Nottingham Water Works, 1856.
© Science Museum / Science & Society Picture Library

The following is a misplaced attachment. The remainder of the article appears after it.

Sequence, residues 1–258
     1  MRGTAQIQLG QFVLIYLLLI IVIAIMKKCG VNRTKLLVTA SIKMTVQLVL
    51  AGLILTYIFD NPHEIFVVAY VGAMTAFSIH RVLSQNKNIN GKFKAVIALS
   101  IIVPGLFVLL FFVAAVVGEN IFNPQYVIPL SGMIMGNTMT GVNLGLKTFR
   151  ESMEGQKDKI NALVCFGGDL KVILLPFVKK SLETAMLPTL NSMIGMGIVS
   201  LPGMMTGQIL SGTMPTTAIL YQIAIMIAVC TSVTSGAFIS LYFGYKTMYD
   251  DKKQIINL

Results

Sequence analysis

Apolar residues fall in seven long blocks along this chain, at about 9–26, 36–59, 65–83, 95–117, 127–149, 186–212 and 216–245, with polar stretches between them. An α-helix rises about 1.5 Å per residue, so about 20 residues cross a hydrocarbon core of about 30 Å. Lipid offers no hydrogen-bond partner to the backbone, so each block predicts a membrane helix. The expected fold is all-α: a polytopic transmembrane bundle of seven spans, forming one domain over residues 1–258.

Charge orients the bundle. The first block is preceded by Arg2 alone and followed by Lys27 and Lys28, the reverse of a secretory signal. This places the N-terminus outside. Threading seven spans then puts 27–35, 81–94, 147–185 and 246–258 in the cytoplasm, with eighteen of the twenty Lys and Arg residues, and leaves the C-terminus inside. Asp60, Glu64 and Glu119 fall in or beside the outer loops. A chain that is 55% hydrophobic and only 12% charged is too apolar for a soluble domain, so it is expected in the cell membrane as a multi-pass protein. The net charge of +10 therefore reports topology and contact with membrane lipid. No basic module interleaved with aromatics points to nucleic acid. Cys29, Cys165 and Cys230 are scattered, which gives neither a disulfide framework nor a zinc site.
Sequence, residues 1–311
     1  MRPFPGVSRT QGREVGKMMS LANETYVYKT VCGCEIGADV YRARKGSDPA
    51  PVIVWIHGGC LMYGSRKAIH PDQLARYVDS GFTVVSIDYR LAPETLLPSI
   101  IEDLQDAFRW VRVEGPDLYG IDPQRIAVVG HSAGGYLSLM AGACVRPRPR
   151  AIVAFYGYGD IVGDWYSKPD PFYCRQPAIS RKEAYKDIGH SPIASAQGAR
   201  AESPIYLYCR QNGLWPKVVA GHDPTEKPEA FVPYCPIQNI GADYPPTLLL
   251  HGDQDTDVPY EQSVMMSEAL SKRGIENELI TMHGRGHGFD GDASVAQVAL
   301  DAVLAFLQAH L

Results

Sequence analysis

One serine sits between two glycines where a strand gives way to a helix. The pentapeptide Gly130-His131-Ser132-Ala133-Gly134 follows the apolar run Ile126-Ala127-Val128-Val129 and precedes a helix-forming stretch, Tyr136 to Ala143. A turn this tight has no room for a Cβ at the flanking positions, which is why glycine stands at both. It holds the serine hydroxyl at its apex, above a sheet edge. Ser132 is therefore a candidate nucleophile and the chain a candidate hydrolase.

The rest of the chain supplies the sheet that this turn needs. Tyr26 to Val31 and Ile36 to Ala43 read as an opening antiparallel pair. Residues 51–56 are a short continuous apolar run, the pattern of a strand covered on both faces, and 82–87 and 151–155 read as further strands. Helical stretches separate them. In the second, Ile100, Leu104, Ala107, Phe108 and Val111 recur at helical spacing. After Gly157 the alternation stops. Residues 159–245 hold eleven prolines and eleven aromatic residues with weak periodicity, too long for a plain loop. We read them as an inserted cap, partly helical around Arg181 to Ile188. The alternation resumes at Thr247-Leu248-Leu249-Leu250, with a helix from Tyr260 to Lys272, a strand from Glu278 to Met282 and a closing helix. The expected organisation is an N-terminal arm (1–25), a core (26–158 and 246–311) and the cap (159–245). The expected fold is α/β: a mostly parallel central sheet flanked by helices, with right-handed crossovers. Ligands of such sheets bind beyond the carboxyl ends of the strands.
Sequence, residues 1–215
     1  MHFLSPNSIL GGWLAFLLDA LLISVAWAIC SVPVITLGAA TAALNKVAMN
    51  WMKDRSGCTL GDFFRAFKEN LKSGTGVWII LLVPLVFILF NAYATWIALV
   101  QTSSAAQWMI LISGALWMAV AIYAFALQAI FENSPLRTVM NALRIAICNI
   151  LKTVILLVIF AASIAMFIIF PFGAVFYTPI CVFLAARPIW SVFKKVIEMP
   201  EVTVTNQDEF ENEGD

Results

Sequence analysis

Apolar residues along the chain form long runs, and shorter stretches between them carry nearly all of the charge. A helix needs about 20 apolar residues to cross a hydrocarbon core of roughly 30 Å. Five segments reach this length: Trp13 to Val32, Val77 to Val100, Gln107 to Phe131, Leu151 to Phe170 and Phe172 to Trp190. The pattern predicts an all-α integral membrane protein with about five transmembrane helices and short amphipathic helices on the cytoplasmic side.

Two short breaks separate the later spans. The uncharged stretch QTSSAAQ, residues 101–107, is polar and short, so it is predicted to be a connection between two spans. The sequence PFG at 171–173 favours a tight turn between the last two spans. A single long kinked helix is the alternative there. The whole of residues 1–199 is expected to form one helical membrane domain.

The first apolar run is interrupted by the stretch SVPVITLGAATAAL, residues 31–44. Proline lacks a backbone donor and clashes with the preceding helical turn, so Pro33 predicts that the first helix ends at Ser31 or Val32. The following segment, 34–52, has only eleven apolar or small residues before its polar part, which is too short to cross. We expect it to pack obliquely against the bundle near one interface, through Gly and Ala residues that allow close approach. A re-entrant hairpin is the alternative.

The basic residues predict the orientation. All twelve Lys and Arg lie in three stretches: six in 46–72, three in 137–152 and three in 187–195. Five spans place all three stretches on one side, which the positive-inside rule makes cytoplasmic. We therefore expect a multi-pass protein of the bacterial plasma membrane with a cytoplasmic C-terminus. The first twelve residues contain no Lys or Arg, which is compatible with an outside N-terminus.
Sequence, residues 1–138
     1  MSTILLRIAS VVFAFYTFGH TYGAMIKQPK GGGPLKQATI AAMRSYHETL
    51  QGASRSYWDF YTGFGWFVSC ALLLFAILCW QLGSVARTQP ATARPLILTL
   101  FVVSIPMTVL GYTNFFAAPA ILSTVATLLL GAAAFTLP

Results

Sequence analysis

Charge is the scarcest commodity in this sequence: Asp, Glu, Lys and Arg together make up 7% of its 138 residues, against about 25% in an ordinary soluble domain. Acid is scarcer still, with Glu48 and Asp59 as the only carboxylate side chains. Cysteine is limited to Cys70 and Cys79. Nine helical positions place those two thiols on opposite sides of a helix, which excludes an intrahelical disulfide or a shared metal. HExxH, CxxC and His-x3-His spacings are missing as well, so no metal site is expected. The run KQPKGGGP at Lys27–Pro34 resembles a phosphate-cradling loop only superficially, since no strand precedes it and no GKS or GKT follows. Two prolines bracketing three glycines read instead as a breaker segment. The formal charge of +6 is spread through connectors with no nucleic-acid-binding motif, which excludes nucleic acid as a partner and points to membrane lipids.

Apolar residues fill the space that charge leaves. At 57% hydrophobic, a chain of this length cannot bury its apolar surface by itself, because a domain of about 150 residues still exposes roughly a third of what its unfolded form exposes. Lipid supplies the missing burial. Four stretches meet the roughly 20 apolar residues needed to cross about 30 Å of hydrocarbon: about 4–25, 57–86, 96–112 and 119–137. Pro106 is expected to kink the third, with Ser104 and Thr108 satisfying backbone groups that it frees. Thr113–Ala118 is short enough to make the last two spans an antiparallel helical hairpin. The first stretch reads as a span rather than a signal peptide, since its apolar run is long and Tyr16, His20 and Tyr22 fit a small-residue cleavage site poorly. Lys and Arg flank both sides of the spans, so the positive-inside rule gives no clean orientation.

Drawing (Scale 1/4inch to 1 foot) showing a longitudinal section of the engine house and transverse section of the boiler house of the Nottingham Water Works. The rapid growth of the city of Nottingham in the late 18th and early 19th century led to increasing problems in providing a clean water supply. Traditionally water had been obtained from rivers and springs, but by the 1840s these sources had become heavily polluted with sewage and industrial wastes. In response to the problem, the Nottingham Waterworks Company built two new pumping stations in the 1850s, using 60 hp Cornish Beam engines to pump water from wells sunk into aquifers in the sandstone on which the city is situated. A third station was added in 1871.